A Dressage Clinic with a London 2012 Champion
Back on Easter bank holiday weekend I attended a dressage clinic at Toberton Lodge. Now you are probably thinking sure that’s a good while ago, and it is but I figured it made sense to work on what we covered and see how it went before I wrote about it. Our clinic was with Irelands equestrian Paralympic champion Helen Kearney. Helen is the great success story of the 2012 Paralympic Games taking home three medals across team and individual events. For me, I remember Helen from before then. I remember Helen back when she was a child and she came to ride at the yard where I ride and keep a horse. I remember her determination as she jumped her pony Robin and her will to succeed no matter what stood in her way. It was no surprise that these traits served her well at the 2012 games and when Helen returned to the yard to deliver one of her first coaching clinics in dressage I was keen to get in the ring.
I had decided to ride two horses in the clinics in different sessions and first up was the little mare, a seven year old back in work since Christmas after a year off. While she has a soft mouth and rides in a natural shape I was keen to progress with her and to explore asking her to work in a lower outline. Helen watched us warm up and quickly picked up that the mare is at times inattentive and caring too much about what is going on outside and around the arena than about her work. She also noted how athletic and flexible the mare is, something that is great when it is working with you but tricky when you are educating her. Helen got me to ride in a circle and gradually ask the mare to stretch down to the lower frame in the same manner that I have learned to do with Dolly. Next we worked the mare in this lower outline pushing her up off my seat and leg and really getting her attention on her work. Trot came easy on the right rein but canter was more difficult. Left rein canter felt amazing. The mare dropped into a lower shape, started working through her back and just carried me along. I could have sat there all day. Having worked on the left rein successfully in canter I knew how I wanted it to feel on the right so we changed rein and I worked at it. Once I pushed her up into a softer inside hand we had it and we did a few laps of a lovely rolling canter. To finish we worked on varying the outline by moving from a lower outline to the competition outline and back again. As I have found with most horses, the little mare quite liked the lower outline and was not as consistent and steady in her head and mouth in the higher one. Helen encouraged me to help the mare to understand that she can go back down by riding half a circle lower and half a circle higher which really helped to build the consistency of her outline and her acceptance of the contact.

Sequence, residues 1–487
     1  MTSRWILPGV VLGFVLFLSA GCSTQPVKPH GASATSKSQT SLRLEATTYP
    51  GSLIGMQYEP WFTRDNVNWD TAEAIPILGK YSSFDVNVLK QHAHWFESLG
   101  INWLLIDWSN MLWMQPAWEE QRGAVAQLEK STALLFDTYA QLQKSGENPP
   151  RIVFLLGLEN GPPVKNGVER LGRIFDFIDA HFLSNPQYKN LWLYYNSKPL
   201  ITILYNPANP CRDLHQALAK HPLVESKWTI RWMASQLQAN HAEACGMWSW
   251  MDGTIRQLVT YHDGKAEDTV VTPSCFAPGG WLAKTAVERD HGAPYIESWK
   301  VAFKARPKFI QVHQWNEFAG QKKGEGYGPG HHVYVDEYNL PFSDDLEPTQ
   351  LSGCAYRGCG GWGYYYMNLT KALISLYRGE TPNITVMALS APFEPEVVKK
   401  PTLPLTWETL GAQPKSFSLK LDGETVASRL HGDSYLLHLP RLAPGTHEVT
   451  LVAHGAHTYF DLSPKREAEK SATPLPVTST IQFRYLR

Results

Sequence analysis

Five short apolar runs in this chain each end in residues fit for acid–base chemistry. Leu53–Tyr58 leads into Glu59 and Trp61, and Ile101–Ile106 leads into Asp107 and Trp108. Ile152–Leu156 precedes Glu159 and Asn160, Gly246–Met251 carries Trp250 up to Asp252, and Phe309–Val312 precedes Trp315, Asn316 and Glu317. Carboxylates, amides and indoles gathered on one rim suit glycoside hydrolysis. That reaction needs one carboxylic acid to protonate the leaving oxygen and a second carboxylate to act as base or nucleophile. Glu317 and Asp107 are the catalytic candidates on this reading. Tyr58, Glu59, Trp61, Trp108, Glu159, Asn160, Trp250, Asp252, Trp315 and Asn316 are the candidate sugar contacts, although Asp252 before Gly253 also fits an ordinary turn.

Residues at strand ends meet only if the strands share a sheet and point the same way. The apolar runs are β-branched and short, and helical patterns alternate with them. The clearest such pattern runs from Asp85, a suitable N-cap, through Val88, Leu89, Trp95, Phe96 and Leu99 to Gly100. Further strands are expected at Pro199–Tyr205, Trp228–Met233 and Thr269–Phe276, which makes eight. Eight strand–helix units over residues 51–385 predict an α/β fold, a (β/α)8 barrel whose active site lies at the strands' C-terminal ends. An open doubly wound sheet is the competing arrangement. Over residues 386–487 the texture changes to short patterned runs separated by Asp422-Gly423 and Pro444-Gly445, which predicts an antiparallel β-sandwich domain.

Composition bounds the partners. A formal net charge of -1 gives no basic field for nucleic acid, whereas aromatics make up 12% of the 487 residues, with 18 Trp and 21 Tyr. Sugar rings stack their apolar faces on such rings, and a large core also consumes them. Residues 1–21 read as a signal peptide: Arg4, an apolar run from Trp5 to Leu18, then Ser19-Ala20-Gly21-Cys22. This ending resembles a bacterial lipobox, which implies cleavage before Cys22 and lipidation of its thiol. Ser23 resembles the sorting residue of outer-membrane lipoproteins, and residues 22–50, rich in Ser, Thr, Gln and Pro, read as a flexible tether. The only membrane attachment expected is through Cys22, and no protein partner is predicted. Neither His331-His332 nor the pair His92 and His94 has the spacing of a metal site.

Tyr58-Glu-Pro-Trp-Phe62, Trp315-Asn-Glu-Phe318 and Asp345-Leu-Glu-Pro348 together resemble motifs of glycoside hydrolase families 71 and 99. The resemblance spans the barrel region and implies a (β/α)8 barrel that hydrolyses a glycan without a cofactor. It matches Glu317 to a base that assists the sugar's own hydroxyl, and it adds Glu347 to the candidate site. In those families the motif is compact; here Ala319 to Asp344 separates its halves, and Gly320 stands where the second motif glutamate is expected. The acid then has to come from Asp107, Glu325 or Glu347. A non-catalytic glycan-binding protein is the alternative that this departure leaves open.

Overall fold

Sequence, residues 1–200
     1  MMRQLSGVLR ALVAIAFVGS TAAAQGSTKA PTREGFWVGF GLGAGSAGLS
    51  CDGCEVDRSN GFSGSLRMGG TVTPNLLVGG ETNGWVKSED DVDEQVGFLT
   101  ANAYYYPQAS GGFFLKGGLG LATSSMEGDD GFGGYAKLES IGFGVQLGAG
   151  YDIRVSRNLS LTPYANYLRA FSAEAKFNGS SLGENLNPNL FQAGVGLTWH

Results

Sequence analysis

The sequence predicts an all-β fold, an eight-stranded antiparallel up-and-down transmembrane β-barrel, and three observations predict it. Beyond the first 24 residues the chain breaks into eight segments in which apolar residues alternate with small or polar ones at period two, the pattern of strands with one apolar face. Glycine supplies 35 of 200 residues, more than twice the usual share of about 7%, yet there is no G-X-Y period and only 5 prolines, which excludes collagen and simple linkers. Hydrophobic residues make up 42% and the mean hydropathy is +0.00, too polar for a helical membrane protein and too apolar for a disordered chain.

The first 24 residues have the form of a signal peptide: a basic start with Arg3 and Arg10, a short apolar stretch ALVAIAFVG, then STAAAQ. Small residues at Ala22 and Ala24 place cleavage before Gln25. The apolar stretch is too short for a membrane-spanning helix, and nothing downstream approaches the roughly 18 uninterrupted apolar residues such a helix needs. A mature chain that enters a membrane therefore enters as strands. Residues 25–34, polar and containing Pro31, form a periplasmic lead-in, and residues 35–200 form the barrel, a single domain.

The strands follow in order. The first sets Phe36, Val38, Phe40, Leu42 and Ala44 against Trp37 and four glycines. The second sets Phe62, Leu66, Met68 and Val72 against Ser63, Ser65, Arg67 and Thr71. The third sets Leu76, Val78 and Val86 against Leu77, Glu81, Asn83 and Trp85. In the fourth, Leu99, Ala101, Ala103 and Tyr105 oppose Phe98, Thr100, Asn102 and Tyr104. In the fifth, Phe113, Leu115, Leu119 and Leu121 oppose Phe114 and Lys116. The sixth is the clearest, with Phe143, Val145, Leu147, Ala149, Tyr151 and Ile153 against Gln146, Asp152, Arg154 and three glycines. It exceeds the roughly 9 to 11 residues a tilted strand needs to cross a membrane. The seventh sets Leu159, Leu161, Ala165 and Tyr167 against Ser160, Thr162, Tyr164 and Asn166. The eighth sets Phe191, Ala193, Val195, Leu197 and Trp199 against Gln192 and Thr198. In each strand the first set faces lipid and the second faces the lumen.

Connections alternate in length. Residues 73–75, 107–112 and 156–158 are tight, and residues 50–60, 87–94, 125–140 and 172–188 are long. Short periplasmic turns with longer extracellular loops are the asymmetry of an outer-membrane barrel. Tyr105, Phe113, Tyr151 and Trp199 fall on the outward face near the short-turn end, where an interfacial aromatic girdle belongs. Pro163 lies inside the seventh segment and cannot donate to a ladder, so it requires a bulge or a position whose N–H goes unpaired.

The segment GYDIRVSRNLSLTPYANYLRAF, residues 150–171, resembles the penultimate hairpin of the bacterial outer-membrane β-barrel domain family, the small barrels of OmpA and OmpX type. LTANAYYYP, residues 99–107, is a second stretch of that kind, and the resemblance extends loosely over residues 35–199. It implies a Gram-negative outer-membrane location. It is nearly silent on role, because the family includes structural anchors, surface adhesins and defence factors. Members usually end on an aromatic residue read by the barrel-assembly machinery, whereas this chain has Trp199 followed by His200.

We left the little mare at that and after lunch it was time for Dolly the big mare to have her turn. I had explained to Helen that the right rein canter has long been our nemesis in side saddle and dressage as the horse tends to fall in through her shoulder and then re-balance by flexing left leading to her quarters also falling in. It is a source of frustration for me as I have managed to school other horses out of similar problems but the usual solutions just were not working for this horse. We worked in and Helen quickly established that thanks to my recent Heike Holstein clinics the mare is very happy to ride in the low outline or the competition outline and works consistently in both. She also quickly saw how different our settled and balanced canter on the left rein is from our tense right rein canter. As a solution she suggested we try a different approach.